Abstract: Projections are described from the basolateral, lateral and anterior cortical nuclei of the amygdaloid complex, and from the prepiriform cortex, to several discrete areas of the cerebral cortex in the rat and cat and to the mediodorsal thalamic nucleus in the rat. These projections are very well-defined in their origin, and in their area of laminar pattern of termination. The basolateral amygdaloid nucleus can be divided into anterior and posterior divisions, based on cytoarchitectonic and connectional distinctions. In both the rat and cat the posterior division projects to the prelimbic area (area 32) and the infralimbic area (area 25) on the medical surface of the hemisphere. The anterior division projects more lightly to these areas, but also sends fibers to the dorsal and posterior agranular insular areas and the perirhinal area on the lateral surface. Furthermore, in the cat the perirhinal area is divided into two areas (areas 35 and 36) and the anterior division projects to both of these and also to a ventral part of the granular insular area; this last area is adjacent to, but separate from the auditory insular area and the second cortical taste area. In most of these areas, the fibers from the basolateral nucleus terminate predominantly in two bands: one in the deep part of layer I and layer II, and a heavier band in layer V (in the rat) or layers V and VI (in the cat). The lateral amygdaloid nucleus projects heavily to the perirhinal area, and also to the posterior agranular insular area. These fibers terminate predominantly in the middle layers of the cortex, although the cellular lamination in these two areas is relatively indistinct. The anterior cortical amygdaloid nucleus and the prepiriform cortex both project to the infralimbic area and the ventral agranular insular area, and the anterior cortical nucleus also projects to the posterior agranular area and the perirhinal area. In all of these areas, the fibers from these olfactory-related structures terminate in the middle of layer I. In the rat, the two divisions of the basolateral nucleus also project to the medial segment of the mediodorsal thalamic nucleus, with the anterior division projecting mainly to the posterior part of this segment and the posterior division to the anterior part. The endopiriform nucleus, deep to the prepiriform cortex, projects to the central segment of the mediodorsal nucleus; this may constitute the major olfactory input into the mediodorsal nucleus, since little or no projection could be demonstrated from the prepiriform cortex itself. Projections to the mediodorsal nucleus have not been found in the cat.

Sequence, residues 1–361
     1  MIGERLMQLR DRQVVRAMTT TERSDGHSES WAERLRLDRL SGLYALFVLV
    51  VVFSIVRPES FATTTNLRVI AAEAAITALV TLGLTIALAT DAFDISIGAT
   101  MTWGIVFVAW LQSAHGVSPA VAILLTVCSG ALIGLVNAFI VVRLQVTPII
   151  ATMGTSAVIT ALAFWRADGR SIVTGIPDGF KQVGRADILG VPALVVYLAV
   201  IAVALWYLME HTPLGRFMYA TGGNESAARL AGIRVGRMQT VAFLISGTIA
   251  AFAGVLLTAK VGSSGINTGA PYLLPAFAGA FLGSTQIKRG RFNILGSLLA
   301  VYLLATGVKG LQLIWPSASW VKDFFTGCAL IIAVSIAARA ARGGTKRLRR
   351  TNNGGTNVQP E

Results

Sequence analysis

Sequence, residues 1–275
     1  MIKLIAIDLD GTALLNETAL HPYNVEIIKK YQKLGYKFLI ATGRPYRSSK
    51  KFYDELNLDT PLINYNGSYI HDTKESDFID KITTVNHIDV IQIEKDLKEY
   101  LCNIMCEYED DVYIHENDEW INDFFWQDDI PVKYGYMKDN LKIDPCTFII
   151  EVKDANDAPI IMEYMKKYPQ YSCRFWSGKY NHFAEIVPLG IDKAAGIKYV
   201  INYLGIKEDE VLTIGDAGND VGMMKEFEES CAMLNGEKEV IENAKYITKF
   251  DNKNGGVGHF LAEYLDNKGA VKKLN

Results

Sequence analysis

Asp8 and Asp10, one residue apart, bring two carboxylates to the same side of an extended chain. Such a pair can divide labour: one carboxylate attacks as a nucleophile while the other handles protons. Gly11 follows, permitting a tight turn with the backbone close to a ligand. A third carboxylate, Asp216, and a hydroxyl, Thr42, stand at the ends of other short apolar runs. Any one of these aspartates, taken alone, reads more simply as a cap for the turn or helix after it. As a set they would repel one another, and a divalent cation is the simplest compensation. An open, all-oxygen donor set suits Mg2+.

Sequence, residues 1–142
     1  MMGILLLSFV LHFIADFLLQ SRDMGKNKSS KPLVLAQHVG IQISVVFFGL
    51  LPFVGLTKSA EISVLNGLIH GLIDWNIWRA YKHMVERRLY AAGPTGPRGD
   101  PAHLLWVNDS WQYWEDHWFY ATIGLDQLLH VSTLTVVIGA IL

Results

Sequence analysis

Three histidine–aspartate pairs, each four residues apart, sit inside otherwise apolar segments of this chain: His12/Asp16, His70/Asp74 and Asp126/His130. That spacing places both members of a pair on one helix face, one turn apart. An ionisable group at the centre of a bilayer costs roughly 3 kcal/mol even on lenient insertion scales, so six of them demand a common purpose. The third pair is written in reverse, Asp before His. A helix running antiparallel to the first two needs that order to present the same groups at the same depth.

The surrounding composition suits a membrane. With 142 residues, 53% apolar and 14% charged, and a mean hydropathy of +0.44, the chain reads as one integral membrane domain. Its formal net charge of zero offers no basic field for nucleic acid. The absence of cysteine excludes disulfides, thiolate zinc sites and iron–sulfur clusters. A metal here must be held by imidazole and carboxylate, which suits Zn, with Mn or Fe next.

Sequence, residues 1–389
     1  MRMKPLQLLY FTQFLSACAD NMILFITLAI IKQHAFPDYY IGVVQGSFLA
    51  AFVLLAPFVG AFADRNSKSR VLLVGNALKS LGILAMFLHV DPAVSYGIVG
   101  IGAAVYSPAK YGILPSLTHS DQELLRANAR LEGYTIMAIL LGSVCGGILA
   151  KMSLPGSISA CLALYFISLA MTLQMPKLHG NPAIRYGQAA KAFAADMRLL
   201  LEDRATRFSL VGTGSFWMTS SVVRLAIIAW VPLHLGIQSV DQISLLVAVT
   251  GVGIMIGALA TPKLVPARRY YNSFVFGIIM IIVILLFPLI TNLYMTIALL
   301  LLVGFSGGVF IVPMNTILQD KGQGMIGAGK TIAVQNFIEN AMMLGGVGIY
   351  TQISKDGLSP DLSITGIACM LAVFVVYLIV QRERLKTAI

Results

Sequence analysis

TL;DR: It is speculated that each of these prefrontal projections may carry highly specific information into the hippocampus, whereas the reciprocal projections may allow retrieval by prefrontal cortex of memories stored in the hippocampus.